NRO travels from past to present with Mozart and Adams in Breckenridge
July 23, 2014
If you go
What: National Repertory Orchestra presents “Mozart & Adams,” performed in recognition of the Breckenridge Commissions, Committees & Council and sponsored by the McCleneghan Family, M.A. Deen, Breckenridge Summer Beer Festival and alwaysmountaintime.com
When: 7:30 p.m. Wednesday, July 23
Where: Riverwalk Center, 150 W. Adams Ave., Breckenridge
Cost: $25 to $40, depending on seating, or $7 for youth 18 and younger
More information: Visit http://www.nromusic.com, or call (970) 453-5825
Get ready to take a journey through time as the National Repertory Orchestra presents a program that spans two centuries. The concert on Wednesday, July 23, at the Breckenridge Riverwalk Center will feature music from Mozart, who lived during the Boston Tea Party and the American Revolution, to John Adams, an American composer who is alive and composing today. Guest conductor and pianist William Eddins will join the NRO not only to conduct but to present an exhilarating performance of Mozart’s Piano Concerto No. 17.
The performance will open with two orchestral greats. “Fountains of Rome,” written by Italian composer Ottorino Respighi, is part of a Roman trilogy that includes “Pines of Rome” and “Roman Festivals.” Each of these tone poems highlights a single attribute of Roman culture, and “Fountains of Rome,” as one might guess, features the different fountains one might discover meandering the streets of the historic city.
Rimsky-Korsakov’s “Capriccio Espagnol” is one of the most jovial pieces of music ever written. Although Rimsky-Korsakov was a Russian composer, he used Spanish folk tunes as inspiration for this work. He wrote in his autobiography, “The ‘Capriccio’ is a brilliant composition for the orchestra. The Spanish themes, of dance character, furnished me with rich material for putting in use multiform orchestral effects.”
Eddins will conduct and play from the piano Mozart’s Piano Concerto No. 17 in G Major. A joyous piece, filled with grace and eloquence, it stands out among Mozart’s work for its exuberant cheerfulness. The third movement is in the form of a theme and variations, with the melody of the theme being one of the finest in its creator’s entire output. Eddins is the music director of the Edmonton Symphony Orchestra and a frequent guest conductor of major orchestras throughout the world. Engagements have included the New York Philharmonic, St. Louis Symphony, Philadelphia Orchestra and the symphony orchestras of San Francisco, Minnesota and Cincinnati, among others. Eddins is an accomplished pianist and regularly play-conducts from the piano works by Mozart, Beethoven, Gershwin and Ravel.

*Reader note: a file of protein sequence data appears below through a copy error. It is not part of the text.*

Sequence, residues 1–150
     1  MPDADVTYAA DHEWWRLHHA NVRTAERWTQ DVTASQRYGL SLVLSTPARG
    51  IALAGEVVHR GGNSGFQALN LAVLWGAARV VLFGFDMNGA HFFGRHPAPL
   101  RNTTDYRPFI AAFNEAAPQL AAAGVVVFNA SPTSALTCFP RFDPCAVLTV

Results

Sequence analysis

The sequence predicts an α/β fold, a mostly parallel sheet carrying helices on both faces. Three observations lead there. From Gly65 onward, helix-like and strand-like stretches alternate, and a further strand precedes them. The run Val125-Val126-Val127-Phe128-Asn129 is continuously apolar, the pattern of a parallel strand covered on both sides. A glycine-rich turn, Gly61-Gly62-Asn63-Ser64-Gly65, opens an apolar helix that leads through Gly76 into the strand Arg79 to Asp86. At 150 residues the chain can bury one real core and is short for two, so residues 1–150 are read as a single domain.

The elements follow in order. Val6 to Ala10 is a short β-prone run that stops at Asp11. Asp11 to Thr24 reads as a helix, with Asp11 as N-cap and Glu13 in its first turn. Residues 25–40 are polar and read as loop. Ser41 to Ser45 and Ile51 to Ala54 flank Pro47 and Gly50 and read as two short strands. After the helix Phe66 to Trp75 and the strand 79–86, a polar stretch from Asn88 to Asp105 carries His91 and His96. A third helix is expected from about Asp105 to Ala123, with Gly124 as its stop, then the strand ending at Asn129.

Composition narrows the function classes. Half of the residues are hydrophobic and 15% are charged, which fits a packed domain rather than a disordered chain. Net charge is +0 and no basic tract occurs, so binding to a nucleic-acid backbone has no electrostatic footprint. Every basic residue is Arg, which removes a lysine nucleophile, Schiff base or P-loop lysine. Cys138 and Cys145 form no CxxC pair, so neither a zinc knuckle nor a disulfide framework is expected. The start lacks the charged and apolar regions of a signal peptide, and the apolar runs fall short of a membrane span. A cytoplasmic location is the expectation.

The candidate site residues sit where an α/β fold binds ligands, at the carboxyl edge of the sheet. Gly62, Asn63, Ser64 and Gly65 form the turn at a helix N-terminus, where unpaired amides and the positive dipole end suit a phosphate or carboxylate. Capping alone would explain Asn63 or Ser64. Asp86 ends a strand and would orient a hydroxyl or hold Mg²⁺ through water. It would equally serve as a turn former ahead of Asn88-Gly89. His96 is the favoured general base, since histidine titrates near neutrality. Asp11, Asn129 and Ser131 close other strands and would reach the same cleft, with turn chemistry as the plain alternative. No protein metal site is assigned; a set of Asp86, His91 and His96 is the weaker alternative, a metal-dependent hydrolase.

Adams has quickly become one of the most celebrated minimalist composers of our day, and like other minimalists, he uses a steady pulse that defines and controls his music. In “Short Ride in a Fast Machine,” the listener will experience four minutes of nonstop excitement from the ceaseless driving winds and relentless amplified woodblock. About the title Adams said, “You know how it is when someone asks you to ride in a terrific sports car, and then you wish you hadn’t?” This work is that ride in the sports car.
Tickets can be purchased at the Riverwalk Center Box Office at 150 W. Adams in Breckenridge, by calling 970-547-3100 or by going to http://www.nromusic.com. The Breckenridge Welcome Center, open seven days a week from 9 a.m. to 9 p.m., is also selling tickets. Visit the center at 203 S. Main St., or call (877) 864-0868.
For more information about the NRO, visit http://www.nromusic.com.
Michelle Lewandowski is the marketing and public relations intern for the National Repertory Orchestra.
Trending In: Events
- Housing Divided, Part 5: Summit workers and families on brink of homelessness
- Arapahoe Basin Ski Area the first in North America to open terrain
- Summit County eyes infrastructure needs for Lake Hill housing in 2017
- Arapahoe Basin Ski Area set to open Friday — the first in Colorado
- Breckenridge to start a new paid parking program later this year